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Population ageing is one of the most significant global phenomena of the 21st century. The number of persons aged 60 and over is increasing at an unprecedented pace, and is anticipated to reach 1 billion by the end of the decade. Latest statistics confirm that women already outnumber men among those aged 60 or older, and are twice as numerous among those aged 80 or over.
Older women constitute an invaluable asset to society at all levels. However, the increase in numbers has shed light on multiple challenges older women face on a daily basis, as they are often discriminated on the basis of age, exposed to abuses and even financial exploitation, socially excluded and, without any form of adequate care and financially sustainable pensions. The lack of protection mechanisms and the existing gaps in policies and programmes to address the situation of older women makes them even more vulnerable and susceptible to harm.
The situation of elderly persons, including older women, is at the centre of policy debates and processes at EU level. The overarching Europe 2020 strategy for smart, sustainable and inclusive growth outlines that keeping people healthy and active for longer has an absolute positive impact on productivity and competitiveness. Over an increasingly longer lifespan, prolonging working periods and involving more people in the labour market are crucial policy responses to ageing. Comprehensive transformation and fundamental redistribution of work to address generation and gender gaps, as well as care and other welfare enhancing activities are needed to improve competitiveness and productivity and underpin a sustainable social market economy.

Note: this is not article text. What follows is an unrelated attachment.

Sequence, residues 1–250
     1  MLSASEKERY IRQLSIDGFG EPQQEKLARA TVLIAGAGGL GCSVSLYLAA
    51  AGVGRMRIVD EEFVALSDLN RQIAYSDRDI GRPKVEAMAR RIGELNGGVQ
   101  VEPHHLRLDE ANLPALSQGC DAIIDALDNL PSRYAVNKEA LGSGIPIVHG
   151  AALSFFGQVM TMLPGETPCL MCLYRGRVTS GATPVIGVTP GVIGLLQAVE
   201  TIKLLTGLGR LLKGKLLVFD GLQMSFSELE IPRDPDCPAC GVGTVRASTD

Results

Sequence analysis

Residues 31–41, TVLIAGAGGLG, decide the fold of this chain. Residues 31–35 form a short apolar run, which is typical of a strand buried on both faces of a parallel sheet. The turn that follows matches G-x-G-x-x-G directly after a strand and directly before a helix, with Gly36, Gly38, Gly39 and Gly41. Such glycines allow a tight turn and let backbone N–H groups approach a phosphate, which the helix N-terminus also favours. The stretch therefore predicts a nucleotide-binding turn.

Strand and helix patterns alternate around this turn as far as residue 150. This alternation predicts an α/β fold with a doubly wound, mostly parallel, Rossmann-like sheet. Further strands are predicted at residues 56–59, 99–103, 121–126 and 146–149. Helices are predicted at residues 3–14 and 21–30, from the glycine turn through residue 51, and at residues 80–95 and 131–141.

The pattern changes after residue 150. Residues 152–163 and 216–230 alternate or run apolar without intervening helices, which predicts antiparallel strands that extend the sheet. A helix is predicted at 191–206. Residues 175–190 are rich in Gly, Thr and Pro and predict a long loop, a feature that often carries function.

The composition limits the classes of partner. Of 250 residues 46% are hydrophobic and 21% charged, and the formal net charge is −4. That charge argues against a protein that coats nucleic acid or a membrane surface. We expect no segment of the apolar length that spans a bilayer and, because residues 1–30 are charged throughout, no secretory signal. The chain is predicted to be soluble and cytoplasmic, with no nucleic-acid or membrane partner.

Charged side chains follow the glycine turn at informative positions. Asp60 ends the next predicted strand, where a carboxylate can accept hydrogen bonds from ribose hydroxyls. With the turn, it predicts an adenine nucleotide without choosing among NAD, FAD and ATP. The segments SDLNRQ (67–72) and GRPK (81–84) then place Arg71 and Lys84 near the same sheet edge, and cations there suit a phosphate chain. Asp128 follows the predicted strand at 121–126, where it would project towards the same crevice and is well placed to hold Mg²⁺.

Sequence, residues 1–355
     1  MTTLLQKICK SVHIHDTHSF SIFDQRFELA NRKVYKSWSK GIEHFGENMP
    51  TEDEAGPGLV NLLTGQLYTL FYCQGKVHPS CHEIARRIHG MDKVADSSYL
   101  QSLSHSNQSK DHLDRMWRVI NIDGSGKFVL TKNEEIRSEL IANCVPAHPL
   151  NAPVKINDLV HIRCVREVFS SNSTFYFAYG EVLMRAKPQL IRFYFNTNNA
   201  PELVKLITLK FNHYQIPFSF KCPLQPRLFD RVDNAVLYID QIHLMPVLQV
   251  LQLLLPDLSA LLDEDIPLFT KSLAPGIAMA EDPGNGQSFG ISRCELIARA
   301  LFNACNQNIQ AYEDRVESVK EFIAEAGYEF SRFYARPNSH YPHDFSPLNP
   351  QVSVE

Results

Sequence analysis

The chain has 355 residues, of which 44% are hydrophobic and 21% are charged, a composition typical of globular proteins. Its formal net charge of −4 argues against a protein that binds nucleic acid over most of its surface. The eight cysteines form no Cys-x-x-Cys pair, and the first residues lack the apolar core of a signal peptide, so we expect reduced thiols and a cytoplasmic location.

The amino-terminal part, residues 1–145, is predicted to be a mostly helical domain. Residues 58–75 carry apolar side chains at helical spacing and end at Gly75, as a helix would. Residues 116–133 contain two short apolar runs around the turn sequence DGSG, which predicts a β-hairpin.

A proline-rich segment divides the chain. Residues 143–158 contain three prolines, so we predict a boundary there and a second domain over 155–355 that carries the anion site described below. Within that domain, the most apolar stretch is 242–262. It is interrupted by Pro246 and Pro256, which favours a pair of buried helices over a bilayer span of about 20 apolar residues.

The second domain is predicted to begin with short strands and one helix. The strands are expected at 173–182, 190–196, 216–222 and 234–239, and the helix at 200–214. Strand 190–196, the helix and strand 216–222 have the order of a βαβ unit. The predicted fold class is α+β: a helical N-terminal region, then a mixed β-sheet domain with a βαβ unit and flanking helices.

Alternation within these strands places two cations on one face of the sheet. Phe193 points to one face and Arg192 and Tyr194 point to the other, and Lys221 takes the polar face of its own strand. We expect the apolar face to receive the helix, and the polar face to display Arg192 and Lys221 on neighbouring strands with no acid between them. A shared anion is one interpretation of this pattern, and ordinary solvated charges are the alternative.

Similarly, the situation of older women is of critical importance for the EU engagement with partner countries. The EU uses all the tools at its disposal to ensure the full enjoyment of all human rights by all, including older women, under equal conditions, without suffering age discrimination or being victims of abandonment, mistreatment or violence.
The challenges older women face today are not small and much more needs to be done to address them. While the discussion about the new instrument for a better tackling of the many real problems facing older persons or whether much could be achieved already by making better use of existing instruments is ongoing we must, with joint efforts, ensure older women can still have an active role in their communities.
This morning’s panel is an excellent opportunity to recall that we have a common obligation to enable and protect the human rights of women and girls, including rights of older women, everywhere at any time.
In this vein, the EU will continue to act globally to advance the gender equality agenda.